So in addition to definitive provisioning of Azure resource manager resources, using RM JSON templates, we can also perform imperative provisioning. So we're gonna go ahead and log into Azure by using the login Azure RM account command. So let's go ahead and run that now. Next, we're going to select the Azure subscription that we're going to work on. And we do that with select Azure rm subscription. And then the next step we're gonna do to prepare our environment for imperative provisioning is to create an empty resource group. So we're gonna create an empty resource group called CloudAcademyPS, located in the West Europe region. And for the sake of example, we're also going to assign a tag to that resource group that describes its' purpose as imperative provisioning. Okay, so now at this point, we've got our resource group created. And we can now begin provisioning resources into that resource group. So if you're building an infrastructure environment in the Cloud, one of the first things you would do is to create a virtual network. So let's take a look at how to do that. Well, normally you would call new Azure RM virtual network. And you would take a look at all the parameters on it. So as you can see, we've got the resource group name parameter. So that's the resource group that the virtual network will be provisioned into. Next we have a name for the virtual network. Then we have a location or region where that resource will be deployed into. Next we have an address prefix for the virtual network. We also can specify DNS servers optionally. And then we can also specify the subnets that will make up this virtual network. So because we have to actually specify the subnets when we create the virtual network, let's go ahead and create a new subnet configuration now. So I'm gonna call new Azure RM and then type star subnet to find all the commands that have subnet in the name. And as you can see, I've got a command called new Azure RM virtual network subnet config. So the subnet has a name. So let's just call this hosts. And then we have an address prefix that will specify the address base for this network. So let's go ahead and just use the address prefix of ten dot five slash 24. Now the subnet configuration is not an actual resource that's getting provisioned into our Cloud subscription. What's happening is it's creating just a virtual object in memory that we'll then use to create the virtual network in the actual resource group. So, now we have a variable called subnet config that contains a subnet configuration. So if we take a look at that in the console here, we can see that it is a PS subnet object. And it has a couple of properties, just the name and the address prefix. That's all we need for now. So let's go ahead and create our virtual network. So I'm going to use the PowerShell splatting technique. Which basically allows us to define all of our commands parameters inside of a hash table, which is just a key value pair. So for each of the parameters that we specify for the new Azure RM virtual network, we're actually gonna declare those parameters inside of the hash table. So the resource group name is pretty straight forward because we've already created our resource group. So I'm just going to reference the name property on the resource group variable. Next, I need to specify the name for the virtual network. So let's call this CloudAcademyPS. Now there's some other parameters I also need to specify, such as the location or the Azure region where we're going to deploy this virtual network. And let's just call that West Europe. I also need to specify the address prefix. And I can actually specify one or more address prefixes because it's actually a list of address prefixes. But in this case, I'm only gonna specify one address prefix. So I'm gonna call the address space 10 dot zero dot zero dot zero slash eight. So basically anything that starts with 10 is going to be a valid subnet inside of this virtual network. And as you can see, when we created our subnet configuration, we used the address base of 10 dot five dot zero dot zero slash 24. So anything that starts with 10 dot five dot zero is going to fit into the subnet. And the subnet is a subset of the address base that we specified for the virtual network. So then I can also specify DNS servers. Now DNS servers are not actual DNS services. All they are, are pointers to DNS servers, such that any virtual machine that's brought up inside of this virtual network will obtain these DNS servers, using a DHCP like process. So what I can do is just say DNS server equals and then specify an array of DNS servers. And in this case I'm just going to use some of Google's publicly available DNS servers. Eight dot eight dot eight dot eight and eight dot eight dot four dot four. And as you can see, we again specify a list of strings. So I can specify an array, just like I could with the address prefix. And then my last parameter that I need to specify is the subnet. And as you can see, the subnet is also a generic list of PS subnet objects. So I could actually create more than one subnet object and then pass in an array of subnets into the virtual network, to create more than one subnet. But in this example, we're only going to use one subnet. So as you can see, I'm specifying the subnet parameter. And I'm passing in the subnet configuration object that we created up here on line 16. So now, in order to splatt these parameters from this hash table, onto the new Azure RM network command I'm going to use the at sign and the variable name that contains the input parameters. Okay, so now we've defined our entire command, along with all of its' input parameters. And now we can hit F8 to execute that command. Now this command shouldn't take very long to run because we're literally just creating a virtual network address base inside of our resource group. So now that I've created this virtual network inside of our resource group, we can call the get Azure RM virtual network command to view the virtual networks in our environment. And if we scroll up a little bit here, you'll see that we have CloudAcademyPS, which is a member of the CloudAcademyPS Resource Group. So, we've successfully deployed a virtual network using imperative provisioning into our resource group. Now we can also validate this by using the Azure portal. So if I come into the Azure portal and click on resource groups, I can filter my list of resource groups for ones that have Cloud in the name. So let's go ahead and type Cloud there and hit enter. And as you can see, I've got a filtered list. And now I'm going to open the CloudAcademyPS resource group that we just created using the RM PowerShell module. As you can see, under the list of resources that are inside of this resource group, I have a single virtual network called CloudAcademyPS, which is consistent with the PowerShell commands that we literally just ran. That virtual network is a member of the Microsoft Partner Network. And as you can see, the address base and DNS servers match the configuration that we specified when we used the PowerShell commands to create it. Okay, now if we want to delete the virtual network or update the virtual network, we can use the other virtual networking related commands. So if we just hit star virtual network star, we can get a list of all the virtual network related commands. So for example we can remove our virtual network. Or we can make updates to our virtual network. You'll also see other commands in here that are related to virtual network gateways. So if you wanna set up a VPN connection to your virtual network, you can establish a VPN gateway using the Azure Resource Manager PowerShell module. But in this case, let's say we just want to add some tags to our virtual network. Well, we can call this set Azure RM virtual network command. Pass in a virtual network object and update it. So let's go ahead and call get Azure RM virtual network. And we're going to get a specific one. So we're gonna call the resource group name resource group dot name. And then the name of the virtual network is virtual network dot name. So virtual network dot name. And then we're gonna assign that virtual network to the virtual network to the virtual network object variable. So what we can do at this point is call into the virtual network object and set the tags on it. So we're going to pass in a hash table. And we're gonna use the same tag we used for the resource group. Which is purpose imperative provisioning. So now we've updated the tags on the object. And if we call set Azure RM virtual network, it's gonna go ahead and update the existing object out in that resource group. So after that command returns, we'll go ahead and switch back to the Azure portal. And we'll go ahead and close that resource group and reopen it, just to refresh the view. Then we'll click on the virtual network object. And then we'll go over to the right hand side and go to tags. And as you can see, we've created, successfully a tag called imperative provisioning. Actually the tag's name is purpose and the value is imperative provisioning. So you can update objects that exist inside of your resource groups, using the resource specific commands. So in this case we're updating a virtual network. Now finally, we may want to delete the virtual network because we don't actually have any VMs inside of it. So let's go ahead and specify the resource group name that we want to delete the v net from, as well as the virtual network's name. And then we'll add the force parameter to prevent any prompts from coming up. So if we hit the F8 key to run that command in the ISE. You'll see that it's returned very quickly. And if we go ahead and go back to the portal we'll reopen the resource group. And the resources section now shows that there are no resources in the resource group. So this has just been a demonstration of how to provision resources imperatively through step by step statements in PowerShell instead of using the declarative RM JSON template syntax.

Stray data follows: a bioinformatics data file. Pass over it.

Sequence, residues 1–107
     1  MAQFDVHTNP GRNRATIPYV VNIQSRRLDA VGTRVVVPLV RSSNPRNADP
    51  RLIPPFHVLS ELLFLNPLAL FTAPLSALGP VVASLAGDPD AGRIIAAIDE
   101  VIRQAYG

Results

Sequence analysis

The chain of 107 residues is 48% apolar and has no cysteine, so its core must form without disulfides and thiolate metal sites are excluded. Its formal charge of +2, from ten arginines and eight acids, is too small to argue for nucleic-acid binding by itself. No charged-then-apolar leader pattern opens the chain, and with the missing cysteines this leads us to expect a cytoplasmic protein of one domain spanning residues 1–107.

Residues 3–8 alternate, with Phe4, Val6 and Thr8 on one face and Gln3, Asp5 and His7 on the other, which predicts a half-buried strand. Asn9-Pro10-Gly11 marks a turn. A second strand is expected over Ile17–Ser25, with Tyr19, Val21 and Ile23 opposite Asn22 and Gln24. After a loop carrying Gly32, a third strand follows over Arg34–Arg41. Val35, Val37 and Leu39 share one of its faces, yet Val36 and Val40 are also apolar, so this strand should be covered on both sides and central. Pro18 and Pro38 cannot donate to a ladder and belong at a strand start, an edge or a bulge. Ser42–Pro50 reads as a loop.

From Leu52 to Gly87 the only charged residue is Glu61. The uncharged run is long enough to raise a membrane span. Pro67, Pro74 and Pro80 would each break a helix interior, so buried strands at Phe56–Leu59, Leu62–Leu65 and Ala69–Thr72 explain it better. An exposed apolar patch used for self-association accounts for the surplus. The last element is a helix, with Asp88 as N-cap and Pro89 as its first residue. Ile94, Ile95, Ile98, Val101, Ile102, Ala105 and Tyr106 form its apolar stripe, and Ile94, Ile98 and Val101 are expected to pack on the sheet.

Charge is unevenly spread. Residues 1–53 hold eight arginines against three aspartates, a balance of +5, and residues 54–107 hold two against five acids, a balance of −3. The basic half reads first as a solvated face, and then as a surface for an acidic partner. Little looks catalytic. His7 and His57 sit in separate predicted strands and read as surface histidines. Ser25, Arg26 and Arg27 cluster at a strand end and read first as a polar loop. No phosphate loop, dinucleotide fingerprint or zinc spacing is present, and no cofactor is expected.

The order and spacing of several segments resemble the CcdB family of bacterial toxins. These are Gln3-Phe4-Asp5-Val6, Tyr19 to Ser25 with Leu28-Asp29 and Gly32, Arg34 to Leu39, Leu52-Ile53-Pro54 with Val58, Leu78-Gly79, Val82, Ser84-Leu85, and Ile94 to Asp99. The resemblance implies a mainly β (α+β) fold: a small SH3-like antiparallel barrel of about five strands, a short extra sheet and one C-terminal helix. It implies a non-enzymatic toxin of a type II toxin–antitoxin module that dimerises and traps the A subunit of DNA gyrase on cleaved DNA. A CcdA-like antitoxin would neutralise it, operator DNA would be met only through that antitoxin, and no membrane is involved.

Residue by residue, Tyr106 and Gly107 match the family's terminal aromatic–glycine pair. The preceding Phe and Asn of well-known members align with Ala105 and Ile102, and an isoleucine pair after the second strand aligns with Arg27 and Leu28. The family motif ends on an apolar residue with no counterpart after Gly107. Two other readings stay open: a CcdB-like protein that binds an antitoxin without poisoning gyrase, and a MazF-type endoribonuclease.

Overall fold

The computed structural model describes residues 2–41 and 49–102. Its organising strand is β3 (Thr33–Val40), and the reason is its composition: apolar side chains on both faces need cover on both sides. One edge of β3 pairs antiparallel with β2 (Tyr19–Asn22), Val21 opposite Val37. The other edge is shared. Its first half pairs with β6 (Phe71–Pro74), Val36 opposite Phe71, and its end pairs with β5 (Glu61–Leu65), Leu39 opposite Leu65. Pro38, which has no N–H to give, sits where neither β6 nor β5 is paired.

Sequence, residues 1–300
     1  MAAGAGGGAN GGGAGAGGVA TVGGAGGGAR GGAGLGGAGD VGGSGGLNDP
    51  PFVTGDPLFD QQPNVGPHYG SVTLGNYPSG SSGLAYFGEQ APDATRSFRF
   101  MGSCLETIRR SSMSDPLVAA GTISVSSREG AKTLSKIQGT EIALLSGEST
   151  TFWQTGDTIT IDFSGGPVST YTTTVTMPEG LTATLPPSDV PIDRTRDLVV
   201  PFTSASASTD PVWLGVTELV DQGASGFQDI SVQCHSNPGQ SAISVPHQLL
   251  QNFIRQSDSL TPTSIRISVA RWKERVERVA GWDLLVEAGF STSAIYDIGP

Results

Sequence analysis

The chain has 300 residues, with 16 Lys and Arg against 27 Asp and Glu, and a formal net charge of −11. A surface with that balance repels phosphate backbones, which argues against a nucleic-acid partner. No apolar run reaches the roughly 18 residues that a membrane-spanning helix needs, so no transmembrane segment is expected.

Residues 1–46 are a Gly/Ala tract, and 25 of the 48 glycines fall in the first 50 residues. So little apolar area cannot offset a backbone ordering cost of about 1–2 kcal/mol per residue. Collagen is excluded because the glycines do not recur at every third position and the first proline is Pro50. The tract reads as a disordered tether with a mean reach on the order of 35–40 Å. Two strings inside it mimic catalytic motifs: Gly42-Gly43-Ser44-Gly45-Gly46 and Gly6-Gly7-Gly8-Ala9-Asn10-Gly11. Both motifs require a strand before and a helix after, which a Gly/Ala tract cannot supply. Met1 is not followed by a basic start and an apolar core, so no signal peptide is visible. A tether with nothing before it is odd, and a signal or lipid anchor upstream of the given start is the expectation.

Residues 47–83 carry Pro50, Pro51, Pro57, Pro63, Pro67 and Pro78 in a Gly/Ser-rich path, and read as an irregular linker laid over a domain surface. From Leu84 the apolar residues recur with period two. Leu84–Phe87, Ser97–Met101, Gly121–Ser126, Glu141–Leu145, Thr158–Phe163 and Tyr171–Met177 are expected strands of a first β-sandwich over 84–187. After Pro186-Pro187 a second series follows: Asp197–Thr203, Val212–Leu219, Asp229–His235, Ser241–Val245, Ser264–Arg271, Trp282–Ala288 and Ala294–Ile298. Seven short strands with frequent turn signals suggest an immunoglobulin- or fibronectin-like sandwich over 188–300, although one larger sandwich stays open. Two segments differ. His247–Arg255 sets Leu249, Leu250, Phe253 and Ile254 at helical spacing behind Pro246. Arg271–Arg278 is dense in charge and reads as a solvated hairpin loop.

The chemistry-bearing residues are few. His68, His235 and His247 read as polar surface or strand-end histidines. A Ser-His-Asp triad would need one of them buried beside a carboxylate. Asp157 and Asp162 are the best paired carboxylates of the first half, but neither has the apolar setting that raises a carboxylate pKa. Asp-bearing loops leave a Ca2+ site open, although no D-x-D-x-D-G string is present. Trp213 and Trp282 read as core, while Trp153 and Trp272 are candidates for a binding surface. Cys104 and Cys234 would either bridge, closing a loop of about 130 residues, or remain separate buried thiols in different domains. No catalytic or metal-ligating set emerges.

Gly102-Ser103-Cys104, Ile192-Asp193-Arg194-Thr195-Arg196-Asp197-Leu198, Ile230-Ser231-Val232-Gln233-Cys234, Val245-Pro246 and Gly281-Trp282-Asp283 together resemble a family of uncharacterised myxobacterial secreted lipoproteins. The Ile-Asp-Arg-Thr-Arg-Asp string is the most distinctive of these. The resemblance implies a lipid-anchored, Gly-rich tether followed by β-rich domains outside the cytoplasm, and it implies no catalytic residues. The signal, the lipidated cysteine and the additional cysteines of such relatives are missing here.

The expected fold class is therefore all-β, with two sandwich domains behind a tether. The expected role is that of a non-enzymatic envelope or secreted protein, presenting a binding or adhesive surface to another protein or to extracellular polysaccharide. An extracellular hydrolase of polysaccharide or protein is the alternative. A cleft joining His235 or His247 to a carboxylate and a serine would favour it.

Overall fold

About the Author
Trevor Sullivan
Microsoft PowerShell MVP

Trevor Sullivan is a Microsoft MVP for Windows PowerShell, and enjoys working with cloud and automation technologies. As a strong, vocal veteran of the Microsoft-centric IT field since 2004, Trevor has developed open source projects, provided significant amounts of product feedback, authored a large variety of training resources, and presented at IT functions including worldwide user groups and conferences.